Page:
ITS UK: Response to Spring Budget

The Government’s Spring Budget was presented on 21 March 2023 and contained a number of announcements related to transport, including:

  • The Budget document sets out that the Government have accepted all of the recommendations of Sir Patrick Vallance’s report on the regulation of emerging digital technologies, including “accelerating legislation to bring forward the future of transport”
  • New Devolution Deals have been agreed with the Greater Manchester and West Midlands Combined Authorities, including allowing “a greater role in simplifying and integrating ticketing in local transport systems”.
  • £8.8bn was provided for the second round of city region sustainable funding settlements over the next five years.
  • £200m was provided for pothole funding from next year.
  • £200m for local regeneration projects around England.
  • £161m for Mayoral Combined Authorities and Greater London were provided, with longer term funding settlements.
  • £400m to be available for new “levelling up partnerships” in areas like Redcar, Cleveland and Blackburn.
  • £15 million local capacity funding to support local authorities along the East West Rail route.

On science and technology, the Budget set out:

  • A new R&D scheme for 20,000 SMEs in the UK, coming in from 1 April 2023 and worth around £500 million per year.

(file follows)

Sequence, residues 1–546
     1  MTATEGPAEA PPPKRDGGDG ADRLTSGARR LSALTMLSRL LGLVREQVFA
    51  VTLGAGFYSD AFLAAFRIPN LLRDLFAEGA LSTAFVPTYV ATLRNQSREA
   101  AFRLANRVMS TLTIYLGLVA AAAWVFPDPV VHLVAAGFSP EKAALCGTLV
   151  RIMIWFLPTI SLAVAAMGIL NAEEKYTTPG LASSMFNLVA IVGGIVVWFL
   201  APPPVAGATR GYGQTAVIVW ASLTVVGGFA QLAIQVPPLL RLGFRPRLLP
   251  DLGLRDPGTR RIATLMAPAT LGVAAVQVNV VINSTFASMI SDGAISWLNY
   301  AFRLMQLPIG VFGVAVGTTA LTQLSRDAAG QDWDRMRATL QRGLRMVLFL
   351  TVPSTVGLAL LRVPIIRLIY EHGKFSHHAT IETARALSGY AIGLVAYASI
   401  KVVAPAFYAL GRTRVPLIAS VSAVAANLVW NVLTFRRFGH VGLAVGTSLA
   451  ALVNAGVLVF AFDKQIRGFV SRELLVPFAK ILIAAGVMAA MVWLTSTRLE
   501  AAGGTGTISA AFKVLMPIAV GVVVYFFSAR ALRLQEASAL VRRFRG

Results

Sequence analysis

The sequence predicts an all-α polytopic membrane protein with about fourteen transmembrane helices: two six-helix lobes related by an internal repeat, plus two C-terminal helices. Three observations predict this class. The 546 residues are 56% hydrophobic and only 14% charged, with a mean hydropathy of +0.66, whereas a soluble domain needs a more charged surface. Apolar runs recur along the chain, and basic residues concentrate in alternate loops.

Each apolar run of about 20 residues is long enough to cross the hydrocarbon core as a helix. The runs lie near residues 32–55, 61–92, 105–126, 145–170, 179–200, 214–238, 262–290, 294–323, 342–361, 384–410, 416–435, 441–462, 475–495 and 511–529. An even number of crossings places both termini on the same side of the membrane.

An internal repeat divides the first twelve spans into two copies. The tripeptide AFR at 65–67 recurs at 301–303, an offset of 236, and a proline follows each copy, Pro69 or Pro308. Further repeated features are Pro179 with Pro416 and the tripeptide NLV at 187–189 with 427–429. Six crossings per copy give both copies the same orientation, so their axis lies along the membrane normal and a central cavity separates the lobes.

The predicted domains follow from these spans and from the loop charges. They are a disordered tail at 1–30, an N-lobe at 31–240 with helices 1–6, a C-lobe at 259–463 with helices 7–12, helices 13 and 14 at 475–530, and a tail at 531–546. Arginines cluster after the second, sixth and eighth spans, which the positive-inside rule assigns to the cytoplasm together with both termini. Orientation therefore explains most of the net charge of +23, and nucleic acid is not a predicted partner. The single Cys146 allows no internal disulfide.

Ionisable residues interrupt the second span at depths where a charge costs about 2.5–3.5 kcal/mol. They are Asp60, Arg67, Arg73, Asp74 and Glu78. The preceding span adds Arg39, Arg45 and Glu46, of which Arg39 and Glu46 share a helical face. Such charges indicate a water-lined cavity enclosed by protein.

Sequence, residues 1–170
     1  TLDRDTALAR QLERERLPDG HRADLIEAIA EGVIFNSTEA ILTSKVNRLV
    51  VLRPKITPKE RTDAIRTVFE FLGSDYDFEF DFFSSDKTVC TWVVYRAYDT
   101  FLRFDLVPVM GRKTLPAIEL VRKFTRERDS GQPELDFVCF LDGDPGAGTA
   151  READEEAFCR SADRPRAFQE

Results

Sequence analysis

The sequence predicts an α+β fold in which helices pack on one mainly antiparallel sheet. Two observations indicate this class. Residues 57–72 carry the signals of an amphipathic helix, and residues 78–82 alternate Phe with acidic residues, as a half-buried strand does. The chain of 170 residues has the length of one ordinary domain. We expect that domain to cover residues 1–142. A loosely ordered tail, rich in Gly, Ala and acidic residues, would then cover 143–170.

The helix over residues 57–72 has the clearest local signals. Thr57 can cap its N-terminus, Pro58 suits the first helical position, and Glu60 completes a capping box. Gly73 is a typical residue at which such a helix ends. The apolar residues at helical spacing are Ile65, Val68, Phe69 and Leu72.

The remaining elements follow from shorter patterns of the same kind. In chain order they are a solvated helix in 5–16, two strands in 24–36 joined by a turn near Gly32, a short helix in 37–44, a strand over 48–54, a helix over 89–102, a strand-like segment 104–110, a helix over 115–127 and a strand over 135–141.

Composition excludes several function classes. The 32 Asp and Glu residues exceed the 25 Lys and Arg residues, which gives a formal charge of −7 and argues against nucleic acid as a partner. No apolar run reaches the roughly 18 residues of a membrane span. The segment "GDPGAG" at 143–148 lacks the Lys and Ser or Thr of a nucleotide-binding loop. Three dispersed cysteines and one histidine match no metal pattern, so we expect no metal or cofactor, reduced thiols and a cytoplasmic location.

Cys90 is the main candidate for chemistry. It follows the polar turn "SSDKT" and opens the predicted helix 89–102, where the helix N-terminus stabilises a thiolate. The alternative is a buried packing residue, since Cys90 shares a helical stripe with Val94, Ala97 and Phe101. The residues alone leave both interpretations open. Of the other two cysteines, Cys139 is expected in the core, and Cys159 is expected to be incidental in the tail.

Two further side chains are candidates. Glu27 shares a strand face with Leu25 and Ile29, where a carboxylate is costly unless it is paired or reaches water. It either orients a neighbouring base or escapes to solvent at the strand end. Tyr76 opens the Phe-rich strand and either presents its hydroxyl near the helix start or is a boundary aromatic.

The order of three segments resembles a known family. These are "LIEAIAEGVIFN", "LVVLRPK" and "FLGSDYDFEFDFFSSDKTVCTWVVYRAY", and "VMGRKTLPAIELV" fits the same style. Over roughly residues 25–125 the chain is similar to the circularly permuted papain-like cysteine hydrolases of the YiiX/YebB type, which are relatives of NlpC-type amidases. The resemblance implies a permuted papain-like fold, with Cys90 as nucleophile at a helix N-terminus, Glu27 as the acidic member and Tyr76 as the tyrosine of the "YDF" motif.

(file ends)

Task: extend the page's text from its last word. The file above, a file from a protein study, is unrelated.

• A £1m prize for “ground-breaking AI research”, known as the Manchester prize.
  •  £2.5bn of investment for quantum R&D alongside the publication of a new Quantum Computing Strategy, available here.
  • £20 billion of support for the early development of carbon capture usage and storage with the goal of capturing 20 to 30 million tons of CO2 per year by 2030.

Max Sugarman, Chief Executive of Intelligent Transport Systems UK (ITS UK), said: “The Chancellor’s Budget today sets out some positive news on AI, science and technology, all of which will support the UK’s ambitions to become a science superpower over the coming years. Transport can play a central role in this vision too – the UK is already home to a highly innovative intelligent transport sector, conservatively valued at £1.5bn, and with the potential to support £15bn in economic growth going forward.

“To unlock the full potential of the intelligent transport sector, the industry needs the right policy environment. This means the introduction a Future Transport Bill that supports new technologies like autonomous vehicles, drones, remote driving and e-scooters. It means shifting to a dynamic national pay-as-you-drive scheme that incentivises low carbon travel, and the roll out of smart ticketing on the rail and bus network. It requires the opening up of data from the transport network and the better integration of different transport modes, with support for Mobility as a Service schemes.

“Through investment in transport technology the UK can reduce carbon emissions, deliver more cost-effective capacity and improve safety, whilst also supporting a world-leading industry and the economic growth it provides.”